Thursday, April 06, 2023

Driver assist technology could be used to enforce safer driving.

While I tend to feel favorable toward the police, I also understand the argument that "an ounce of prevention," from things like social services, is better than "a pound of cure;" only relying on police.

This same logic can apply to traffic safety as well. Driver assist technology and even self driving technology is becoming more prevalent. I've heard that we can pretty much make the cars enforce things like speed limits, but there is reluctance to do this from automakers and the driving public.

How about having a breathalyzer in all cars so the car doesn't start if the breathalyzer detects alcohol? We've had that technology, since the 1980s, as it is often installed in the cars of folks who have been convicted of drunk driving.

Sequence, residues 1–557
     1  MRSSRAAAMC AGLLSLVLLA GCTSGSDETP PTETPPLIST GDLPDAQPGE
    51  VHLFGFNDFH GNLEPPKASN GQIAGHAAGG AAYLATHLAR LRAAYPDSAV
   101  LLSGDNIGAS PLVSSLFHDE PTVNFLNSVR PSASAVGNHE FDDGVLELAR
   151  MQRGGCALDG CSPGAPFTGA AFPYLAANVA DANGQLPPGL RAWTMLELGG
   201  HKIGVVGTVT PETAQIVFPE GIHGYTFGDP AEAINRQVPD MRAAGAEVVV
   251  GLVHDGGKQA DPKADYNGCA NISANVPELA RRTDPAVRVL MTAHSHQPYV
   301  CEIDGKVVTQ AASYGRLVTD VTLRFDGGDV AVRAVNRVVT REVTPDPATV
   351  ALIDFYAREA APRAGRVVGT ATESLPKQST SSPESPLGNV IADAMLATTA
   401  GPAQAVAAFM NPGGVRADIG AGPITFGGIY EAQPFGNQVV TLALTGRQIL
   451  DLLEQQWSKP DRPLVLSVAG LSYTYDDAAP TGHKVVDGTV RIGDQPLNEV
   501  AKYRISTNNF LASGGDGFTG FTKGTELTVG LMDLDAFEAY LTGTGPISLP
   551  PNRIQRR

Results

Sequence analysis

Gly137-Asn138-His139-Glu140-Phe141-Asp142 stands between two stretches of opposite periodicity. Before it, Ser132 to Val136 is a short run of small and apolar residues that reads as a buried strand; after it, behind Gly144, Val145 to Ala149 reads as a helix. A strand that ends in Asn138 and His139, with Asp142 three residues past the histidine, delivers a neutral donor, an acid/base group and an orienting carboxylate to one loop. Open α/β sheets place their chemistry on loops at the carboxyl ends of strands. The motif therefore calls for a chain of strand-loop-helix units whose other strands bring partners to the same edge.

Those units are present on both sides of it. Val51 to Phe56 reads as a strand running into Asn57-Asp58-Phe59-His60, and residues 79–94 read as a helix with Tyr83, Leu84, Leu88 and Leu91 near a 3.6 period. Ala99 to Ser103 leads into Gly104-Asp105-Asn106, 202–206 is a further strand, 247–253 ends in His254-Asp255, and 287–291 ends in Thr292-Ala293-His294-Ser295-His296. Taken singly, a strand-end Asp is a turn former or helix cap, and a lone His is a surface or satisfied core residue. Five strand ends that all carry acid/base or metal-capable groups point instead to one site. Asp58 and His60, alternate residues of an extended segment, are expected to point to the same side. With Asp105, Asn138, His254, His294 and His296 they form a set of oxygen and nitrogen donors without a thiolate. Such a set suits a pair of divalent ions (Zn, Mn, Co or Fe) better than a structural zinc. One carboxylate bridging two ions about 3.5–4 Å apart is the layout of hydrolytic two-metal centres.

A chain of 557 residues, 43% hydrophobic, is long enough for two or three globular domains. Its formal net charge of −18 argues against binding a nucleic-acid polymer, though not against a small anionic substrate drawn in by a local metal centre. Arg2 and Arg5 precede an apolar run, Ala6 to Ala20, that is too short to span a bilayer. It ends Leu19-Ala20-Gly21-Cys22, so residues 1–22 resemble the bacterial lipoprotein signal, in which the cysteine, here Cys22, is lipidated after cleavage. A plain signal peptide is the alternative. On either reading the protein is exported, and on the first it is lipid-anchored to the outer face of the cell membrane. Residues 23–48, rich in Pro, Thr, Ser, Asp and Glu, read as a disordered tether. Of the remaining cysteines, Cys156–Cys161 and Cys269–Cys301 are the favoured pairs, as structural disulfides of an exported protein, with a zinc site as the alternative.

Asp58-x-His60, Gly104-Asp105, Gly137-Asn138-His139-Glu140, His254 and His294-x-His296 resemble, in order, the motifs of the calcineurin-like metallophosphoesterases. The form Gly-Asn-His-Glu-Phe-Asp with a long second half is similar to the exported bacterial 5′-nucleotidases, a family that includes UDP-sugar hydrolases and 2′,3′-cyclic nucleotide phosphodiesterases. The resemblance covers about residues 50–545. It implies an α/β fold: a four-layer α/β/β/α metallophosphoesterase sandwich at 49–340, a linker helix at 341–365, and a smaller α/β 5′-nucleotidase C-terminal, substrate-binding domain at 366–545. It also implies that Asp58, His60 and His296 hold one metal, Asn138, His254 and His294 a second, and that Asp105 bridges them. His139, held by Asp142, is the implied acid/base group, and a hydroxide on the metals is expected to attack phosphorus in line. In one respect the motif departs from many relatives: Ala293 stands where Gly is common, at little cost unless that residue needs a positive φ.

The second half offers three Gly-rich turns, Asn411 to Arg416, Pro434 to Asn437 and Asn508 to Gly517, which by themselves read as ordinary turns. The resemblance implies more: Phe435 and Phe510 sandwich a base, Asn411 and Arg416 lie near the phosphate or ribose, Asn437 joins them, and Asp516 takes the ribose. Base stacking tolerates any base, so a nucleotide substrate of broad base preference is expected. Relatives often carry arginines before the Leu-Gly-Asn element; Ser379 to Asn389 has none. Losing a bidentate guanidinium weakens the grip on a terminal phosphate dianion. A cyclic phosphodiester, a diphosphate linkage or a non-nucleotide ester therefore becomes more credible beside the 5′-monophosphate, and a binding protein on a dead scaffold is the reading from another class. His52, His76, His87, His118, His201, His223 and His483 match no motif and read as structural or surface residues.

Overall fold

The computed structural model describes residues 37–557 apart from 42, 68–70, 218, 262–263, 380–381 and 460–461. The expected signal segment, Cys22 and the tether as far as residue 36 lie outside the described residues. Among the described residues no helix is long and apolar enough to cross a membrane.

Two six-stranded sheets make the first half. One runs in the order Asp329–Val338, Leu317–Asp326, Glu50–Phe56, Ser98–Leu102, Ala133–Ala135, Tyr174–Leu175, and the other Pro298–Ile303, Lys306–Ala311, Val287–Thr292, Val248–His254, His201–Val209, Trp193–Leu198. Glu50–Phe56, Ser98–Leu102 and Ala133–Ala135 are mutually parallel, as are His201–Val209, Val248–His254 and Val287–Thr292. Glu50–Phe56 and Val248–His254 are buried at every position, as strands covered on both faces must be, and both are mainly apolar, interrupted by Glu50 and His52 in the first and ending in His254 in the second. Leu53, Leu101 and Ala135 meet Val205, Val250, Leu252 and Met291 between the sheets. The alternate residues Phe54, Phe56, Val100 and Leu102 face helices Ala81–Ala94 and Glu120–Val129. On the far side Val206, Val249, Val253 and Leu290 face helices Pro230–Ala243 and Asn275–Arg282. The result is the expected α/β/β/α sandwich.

How about having the cars, themselves, enforce speed limits and having the cars refuse to do reckless driving? The human driver could still override these features given certain emergencies or the need for higher speeds in passing and so forth.

This isn't just my idea, I've heard, on the news, that we could do a lot more to make cars safer by just installing technology where the car refuses to do reckless driving. GPS could be used so the car knows the speed limits for each road.

Many of the problems, that cause folks to complain about police, stem from traffic stops. The cars, themselves could do more to enforce public safety.

Strong Towns suggests changing street design to encourage slower and safer driving. Slower style city planning is nice. I would appriciate it being a bicyclist and a pedestrian, but it does take billions of dollars in retrofitting. A quicker solution is to use technology, in the cars themselves, to enforce safer driving.

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